Ranking the Top-7 Greatest Linebackers in New York Giants Franchise History

We all know who No. 1 is on this week's list of the greatest New York Giants linebackers. But who joins the great LT among the franchise's best linebackers ever to roam the gridiron?
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As we continue in our rankings of the all-time greatest Giants by position, we’ve come to the linebacking corps.

First off, honorable mentions to Gary Reasons, best remembered for his game-saving hit on Denver’s Bobby Humphrey in 1989. We also have to include among our honorable mentions Brian Kelley, part of the famed "Crunch Bunch," along with Lawrence Taylor, Harry Carson, and Brad Van Pelt, who are included on this list.

Now on to our list.

No. 7: Brad Van Pelt (1973-1983)

Van Pelt was a one-person wrecking crew all by his lonesome. A five-time Pro Bowler (1976-1980) and second-team All-Pro in 1978, Van Pelt was named the player of the decade for the 1970s by the Giants.

While with the Giants, Van Pelt started in 135 of the 143 games he played. A second-round draft pick in 1973 out of Michigan State, Van Pelt recorded 20 interceptions and ten sacks over his entire NFL career.

Van Pelt, who played in four different hoe stadiums while with the Giants, finished his NFL career with the Cleveland Browns in 1986 after previously spending the 1984-1985 seasons with the Los Angeles Raiders.

No. 6: Jessie Armstead, 1993-2001

Armstead was an eighth-round selection out of Miami in 1993, the same year the Giants drafted Michael Strahan.

Like Strahan, it took Armstead a few years to prove his worth, but he became an All-Pro in 1997 as part of a Giants team that stunningly won the NFC East. That year, Armstead notched 132 tackles. He was then voted to the Pro Bowl in each of the following four seasons before signing with Washington.

No. 5: Pepper Johnson, 1986-1992

The Giants’ second-round draftee from Ohio State in 1986 rode the bench for most of his rookie year but was an integral part of the second Super Bowl team of 1990.

That year, Johnson received the only All-Pro vote of his career and contributed to an impressive showing by the Giants’ defense in Super Bowl XXV, holding Buffalo’s league-leading offense to just 19 points.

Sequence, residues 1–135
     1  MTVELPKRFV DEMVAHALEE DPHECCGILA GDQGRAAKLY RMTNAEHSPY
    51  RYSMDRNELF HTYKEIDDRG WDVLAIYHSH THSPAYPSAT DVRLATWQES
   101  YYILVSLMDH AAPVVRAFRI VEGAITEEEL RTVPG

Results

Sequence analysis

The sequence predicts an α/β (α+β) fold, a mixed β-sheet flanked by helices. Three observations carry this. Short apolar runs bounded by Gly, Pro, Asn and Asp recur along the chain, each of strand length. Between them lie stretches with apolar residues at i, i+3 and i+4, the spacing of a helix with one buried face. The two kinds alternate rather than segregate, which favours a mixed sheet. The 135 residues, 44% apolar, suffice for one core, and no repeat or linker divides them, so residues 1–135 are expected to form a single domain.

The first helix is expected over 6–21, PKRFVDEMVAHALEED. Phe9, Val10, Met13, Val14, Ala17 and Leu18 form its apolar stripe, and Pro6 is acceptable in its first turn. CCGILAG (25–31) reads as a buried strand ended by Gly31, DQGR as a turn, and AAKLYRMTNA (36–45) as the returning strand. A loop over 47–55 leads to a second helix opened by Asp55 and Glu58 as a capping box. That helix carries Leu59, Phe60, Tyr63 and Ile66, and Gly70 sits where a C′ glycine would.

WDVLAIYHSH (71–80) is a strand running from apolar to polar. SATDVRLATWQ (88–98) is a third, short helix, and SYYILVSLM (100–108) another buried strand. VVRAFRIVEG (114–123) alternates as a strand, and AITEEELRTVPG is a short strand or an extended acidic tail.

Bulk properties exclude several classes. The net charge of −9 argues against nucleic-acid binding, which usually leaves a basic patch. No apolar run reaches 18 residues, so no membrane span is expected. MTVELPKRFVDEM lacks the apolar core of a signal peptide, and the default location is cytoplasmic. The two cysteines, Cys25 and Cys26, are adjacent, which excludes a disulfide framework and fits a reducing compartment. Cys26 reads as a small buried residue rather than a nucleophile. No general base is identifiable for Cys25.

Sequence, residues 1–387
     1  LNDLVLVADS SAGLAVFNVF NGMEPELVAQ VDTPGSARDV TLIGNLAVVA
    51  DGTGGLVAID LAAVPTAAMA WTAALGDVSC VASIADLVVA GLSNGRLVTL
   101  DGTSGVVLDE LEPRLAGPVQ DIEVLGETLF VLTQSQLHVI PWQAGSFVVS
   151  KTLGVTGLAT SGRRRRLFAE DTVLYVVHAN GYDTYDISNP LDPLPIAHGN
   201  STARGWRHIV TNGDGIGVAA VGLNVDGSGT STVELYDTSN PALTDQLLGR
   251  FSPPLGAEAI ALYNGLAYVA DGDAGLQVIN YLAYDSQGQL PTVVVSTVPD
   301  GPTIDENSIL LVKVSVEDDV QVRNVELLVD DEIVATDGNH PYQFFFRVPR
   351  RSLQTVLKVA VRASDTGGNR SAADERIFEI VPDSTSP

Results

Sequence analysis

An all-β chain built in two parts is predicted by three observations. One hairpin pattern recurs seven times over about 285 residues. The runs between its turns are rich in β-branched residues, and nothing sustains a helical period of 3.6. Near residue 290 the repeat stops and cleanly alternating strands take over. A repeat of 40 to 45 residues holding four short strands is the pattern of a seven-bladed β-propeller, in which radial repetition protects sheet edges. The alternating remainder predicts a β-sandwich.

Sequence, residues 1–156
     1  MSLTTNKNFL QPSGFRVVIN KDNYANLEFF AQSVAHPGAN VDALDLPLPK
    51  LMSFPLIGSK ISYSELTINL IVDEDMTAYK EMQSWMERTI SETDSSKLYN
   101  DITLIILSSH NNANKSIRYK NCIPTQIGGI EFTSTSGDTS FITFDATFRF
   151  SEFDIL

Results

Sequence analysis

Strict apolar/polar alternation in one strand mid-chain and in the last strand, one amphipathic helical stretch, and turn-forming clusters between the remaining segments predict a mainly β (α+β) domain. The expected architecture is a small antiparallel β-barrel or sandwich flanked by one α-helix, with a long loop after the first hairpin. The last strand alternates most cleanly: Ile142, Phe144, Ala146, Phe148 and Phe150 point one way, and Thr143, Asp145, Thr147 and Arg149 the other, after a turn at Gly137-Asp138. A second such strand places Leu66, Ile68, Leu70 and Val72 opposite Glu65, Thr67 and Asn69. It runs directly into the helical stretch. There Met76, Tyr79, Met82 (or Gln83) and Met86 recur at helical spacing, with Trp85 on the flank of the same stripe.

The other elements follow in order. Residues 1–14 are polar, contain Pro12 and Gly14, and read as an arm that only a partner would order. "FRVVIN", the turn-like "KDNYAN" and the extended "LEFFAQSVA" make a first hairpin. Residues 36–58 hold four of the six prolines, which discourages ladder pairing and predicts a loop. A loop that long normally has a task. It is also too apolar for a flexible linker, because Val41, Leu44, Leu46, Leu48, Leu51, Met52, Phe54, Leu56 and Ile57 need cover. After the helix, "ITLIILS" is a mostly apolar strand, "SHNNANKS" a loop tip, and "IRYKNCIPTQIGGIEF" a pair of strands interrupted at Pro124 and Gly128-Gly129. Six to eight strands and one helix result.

No. 4: Carl Banks, 1984-1992

While looking at Banks’ statistics, I was surprised to find that he was an All-Pro and Pro Bowler only once, that coming in the strike-shortened season of 1987. That year, he tallied nine sacks and 101 tackles while only playing in 12 games.

As the third overall selection in the 1984 draft out of Michigan State, Banks arrived in time to win two Super Bowls and is fondly remembered as one of the best linebackers in Giants history.

No. 3: Harry Carson, 1976-1988

A nine-time Pro Bowler, Carson is the first Hall of Famer on this list, inducted in 2006. Not bad for a fourth-round selection from South Carolina State, whom the late Marty Schottenheimer converted from a defensive lineman to a middle linebacker.

There were few players on the 1986 Giants that deserved a Super Bowl victory more than Carson, who had been with the franchise dating back to the dark ages of the 70s.

No. 2: Sam Huff, 1956-1963

One of the most recognizable names and faces of the legendary 1950s Giants, Huff was drafted in the third round out of West Virginia, just in time for the championship season of 1956.

He was an All-Pro in 1958 and 1959 and a Pro Bowler in each of the next two seasons. Along with the likes of Frank Gifford and Rosey Brown, Huff evokes terrific memories of autumn afternoons at Yankee Stadium, when the Giants were the toast of the NFL.

No. 1: Lawrence Taylor, 1981-1993

Seriously, were you expecting someone else in this spot? After all, what else can be said about the second overall choice of the 1981 draft? 

Eight All-Pro selections, 10 Pro Bowl appearances, three Defensive Player of the Year awards, two Super Bowl championships, 20.5 sacks in his MVP season of 1986, and 132.5 sacks for his career. 

Watch the following clip of  LT's dominating 1982 Thanksgiving Day performance against the Lions which shows just what a special kind of player he was--I promise you won't be disappointed.

In case you were wondering, the top overall draft pick in 1981 belonged to New Orleans. They chose South Carolina running back George Rogers, who had just won the Heisman Trophy. 

It was probably the right choice at the time, and Rogers had a solid pro career, but given how the careers of Rogers and Taylor went, would anyone blame New Orleans if they wanted a mulligan?


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